(CN) – The Foundation of Human Understanding, a group that promotes mind over matter and spiritual health known as psychocatalysis through radio and Internet broadcasts, is not a church for tax purposes, the Court of Federal Claims ruled.
Although the foundation has a distinct religious history, its own literature, a set of ordained ministers and a place of worship in Oregon, the court said it failed to show that it has a regular congregation or holds regular religious services – key elements of a church.
“The extent to which [the foundation] brings people together to worship is incidental to its main function, which consists of a dissemination of its religious message through radio and Internet broadcasts, coupled with written publications,” Judge Hewitt noted.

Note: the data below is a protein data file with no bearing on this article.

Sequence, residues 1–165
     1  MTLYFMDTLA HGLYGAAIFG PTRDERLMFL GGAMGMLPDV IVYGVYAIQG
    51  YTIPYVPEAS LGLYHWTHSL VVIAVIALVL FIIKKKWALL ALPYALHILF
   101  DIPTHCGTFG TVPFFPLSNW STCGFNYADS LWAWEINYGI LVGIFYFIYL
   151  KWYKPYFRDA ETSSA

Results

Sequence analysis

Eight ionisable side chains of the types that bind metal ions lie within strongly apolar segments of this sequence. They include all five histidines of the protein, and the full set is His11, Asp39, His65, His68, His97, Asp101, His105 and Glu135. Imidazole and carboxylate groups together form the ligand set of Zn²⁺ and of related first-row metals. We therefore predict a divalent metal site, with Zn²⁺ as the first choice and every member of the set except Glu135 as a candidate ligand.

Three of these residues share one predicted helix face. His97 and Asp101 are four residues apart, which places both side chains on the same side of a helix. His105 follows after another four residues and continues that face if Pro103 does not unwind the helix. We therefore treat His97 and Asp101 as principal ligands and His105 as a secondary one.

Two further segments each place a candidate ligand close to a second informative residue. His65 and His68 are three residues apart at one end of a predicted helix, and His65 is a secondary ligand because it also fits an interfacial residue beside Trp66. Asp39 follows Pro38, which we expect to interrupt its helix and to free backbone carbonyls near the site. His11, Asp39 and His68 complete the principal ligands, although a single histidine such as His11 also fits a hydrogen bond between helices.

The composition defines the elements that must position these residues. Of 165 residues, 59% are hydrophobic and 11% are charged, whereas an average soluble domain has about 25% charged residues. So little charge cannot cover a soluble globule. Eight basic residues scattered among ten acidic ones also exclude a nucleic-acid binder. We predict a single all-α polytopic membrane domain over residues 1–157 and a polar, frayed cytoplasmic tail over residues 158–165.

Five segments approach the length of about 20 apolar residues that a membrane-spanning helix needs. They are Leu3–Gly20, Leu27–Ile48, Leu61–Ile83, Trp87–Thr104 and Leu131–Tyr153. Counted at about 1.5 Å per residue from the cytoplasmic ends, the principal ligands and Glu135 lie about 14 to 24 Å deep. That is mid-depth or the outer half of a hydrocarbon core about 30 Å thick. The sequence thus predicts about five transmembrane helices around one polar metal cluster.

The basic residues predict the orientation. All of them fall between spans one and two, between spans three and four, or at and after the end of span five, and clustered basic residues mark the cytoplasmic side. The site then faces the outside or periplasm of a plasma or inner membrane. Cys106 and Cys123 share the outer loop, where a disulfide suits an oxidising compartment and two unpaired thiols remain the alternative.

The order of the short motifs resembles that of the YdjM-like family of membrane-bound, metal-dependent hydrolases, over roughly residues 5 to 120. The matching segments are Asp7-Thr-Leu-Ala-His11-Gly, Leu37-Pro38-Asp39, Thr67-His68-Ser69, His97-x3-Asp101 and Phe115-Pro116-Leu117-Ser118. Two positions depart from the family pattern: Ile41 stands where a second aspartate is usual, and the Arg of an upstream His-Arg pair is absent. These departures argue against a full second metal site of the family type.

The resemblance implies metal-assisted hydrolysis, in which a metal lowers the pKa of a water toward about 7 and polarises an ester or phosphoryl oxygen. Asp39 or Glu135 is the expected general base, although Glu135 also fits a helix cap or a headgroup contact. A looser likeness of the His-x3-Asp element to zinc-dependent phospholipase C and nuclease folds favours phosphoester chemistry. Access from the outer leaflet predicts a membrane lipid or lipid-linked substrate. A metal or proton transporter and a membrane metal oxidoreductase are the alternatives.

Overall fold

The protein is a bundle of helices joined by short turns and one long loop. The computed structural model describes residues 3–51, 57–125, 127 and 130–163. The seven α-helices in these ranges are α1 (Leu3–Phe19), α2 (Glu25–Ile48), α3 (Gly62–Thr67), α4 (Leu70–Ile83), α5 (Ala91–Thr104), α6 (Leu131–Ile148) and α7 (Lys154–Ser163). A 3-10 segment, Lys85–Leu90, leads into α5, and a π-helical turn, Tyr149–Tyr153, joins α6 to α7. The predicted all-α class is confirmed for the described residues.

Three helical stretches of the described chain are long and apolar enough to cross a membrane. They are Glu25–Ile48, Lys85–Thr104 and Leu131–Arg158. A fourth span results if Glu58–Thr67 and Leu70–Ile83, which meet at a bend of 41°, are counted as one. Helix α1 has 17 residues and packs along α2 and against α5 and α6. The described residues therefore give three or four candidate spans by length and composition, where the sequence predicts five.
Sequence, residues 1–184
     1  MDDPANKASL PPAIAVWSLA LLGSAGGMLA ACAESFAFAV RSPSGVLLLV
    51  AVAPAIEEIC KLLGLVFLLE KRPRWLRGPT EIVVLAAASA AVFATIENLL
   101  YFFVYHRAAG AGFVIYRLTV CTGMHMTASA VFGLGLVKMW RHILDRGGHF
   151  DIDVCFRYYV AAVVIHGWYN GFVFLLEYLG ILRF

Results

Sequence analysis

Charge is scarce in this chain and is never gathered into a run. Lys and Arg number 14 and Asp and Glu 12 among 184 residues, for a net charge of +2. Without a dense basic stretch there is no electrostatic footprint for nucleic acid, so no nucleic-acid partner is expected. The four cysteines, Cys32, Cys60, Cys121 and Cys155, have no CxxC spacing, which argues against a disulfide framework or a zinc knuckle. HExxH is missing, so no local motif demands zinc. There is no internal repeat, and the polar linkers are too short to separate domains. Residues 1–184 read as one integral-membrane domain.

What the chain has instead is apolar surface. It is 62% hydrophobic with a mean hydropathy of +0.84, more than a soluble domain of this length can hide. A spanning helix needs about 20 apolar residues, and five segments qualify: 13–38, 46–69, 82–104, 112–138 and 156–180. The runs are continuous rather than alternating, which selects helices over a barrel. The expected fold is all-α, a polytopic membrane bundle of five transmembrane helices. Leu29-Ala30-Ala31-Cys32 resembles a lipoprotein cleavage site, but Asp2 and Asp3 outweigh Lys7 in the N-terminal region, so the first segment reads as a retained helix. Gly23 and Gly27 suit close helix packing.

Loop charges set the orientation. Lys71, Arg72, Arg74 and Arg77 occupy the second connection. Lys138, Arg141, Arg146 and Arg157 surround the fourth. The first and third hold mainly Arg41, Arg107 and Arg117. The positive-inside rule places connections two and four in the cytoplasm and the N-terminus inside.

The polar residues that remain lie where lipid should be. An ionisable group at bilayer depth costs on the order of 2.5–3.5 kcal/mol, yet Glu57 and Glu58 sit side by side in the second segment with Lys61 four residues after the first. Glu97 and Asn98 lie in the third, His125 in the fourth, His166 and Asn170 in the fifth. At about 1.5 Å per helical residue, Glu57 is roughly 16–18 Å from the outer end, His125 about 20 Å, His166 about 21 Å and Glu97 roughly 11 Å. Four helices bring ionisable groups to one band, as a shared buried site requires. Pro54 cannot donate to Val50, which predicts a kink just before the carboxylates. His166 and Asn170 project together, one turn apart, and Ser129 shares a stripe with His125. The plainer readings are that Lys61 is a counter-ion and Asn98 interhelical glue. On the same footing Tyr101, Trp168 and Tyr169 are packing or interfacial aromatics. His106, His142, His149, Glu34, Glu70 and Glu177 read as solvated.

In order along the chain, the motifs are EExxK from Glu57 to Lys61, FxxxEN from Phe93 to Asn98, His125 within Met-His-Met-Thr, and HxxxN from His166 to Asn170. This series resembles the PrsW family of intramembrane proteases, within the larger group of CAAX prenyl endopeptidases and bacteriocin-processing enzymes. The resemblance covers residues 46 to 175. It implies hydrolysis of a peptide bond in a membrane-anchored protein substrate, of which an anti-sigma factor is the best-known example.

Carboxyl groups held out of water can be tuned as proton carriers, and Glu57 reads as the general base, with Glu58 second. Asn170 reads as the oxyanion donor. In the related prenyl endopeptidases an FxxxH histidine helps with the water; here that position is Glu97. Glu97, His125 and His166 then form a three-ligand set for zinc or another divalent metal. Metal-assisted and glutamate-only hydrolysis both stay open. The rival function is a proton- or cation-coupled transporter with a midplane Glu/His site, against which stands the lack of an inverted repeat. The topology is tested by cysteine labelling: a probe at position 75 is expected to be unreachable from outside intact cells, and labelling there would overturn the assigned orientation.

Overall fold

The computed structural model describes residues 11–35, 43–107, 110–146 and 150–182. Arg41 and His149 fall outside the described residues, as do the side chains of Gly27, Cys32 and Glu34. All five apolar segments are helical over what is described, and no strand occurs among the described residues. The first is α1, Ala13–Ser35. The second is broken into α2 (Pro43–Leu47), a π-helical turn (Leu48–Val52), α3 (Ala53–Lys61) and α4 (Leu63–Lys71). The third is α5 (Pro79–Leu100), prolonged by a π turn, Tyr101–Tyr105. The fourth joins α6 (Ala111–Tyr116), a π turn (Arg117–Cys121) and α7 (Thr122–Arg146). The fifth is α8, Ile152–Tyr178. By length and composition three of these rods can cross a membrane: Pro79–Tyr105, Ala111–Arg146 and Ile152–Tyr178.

The group was founded by Roy Masters, who adheres to primarily Judeo-Christian beliefs. He hosts a radio show called “Advice Line” on his son’s Talk Radio Network, which syndicates shows featuring conservative personalities such as Michael Savage, Laura Ingraham and Tammy Bruce.
The foundation argued that these shows, broadcast on more than 130 stations and over the Internet, constitute a religious service.
The claims court didn’t buy it.
The broadcasts “lack critical associational aspects characteristic of religious services,” Judge Hewitt wrote, “and are therefore instead properly regarded simply as broadcasting and publishing services insufficient to qualify a religious organization for church status.”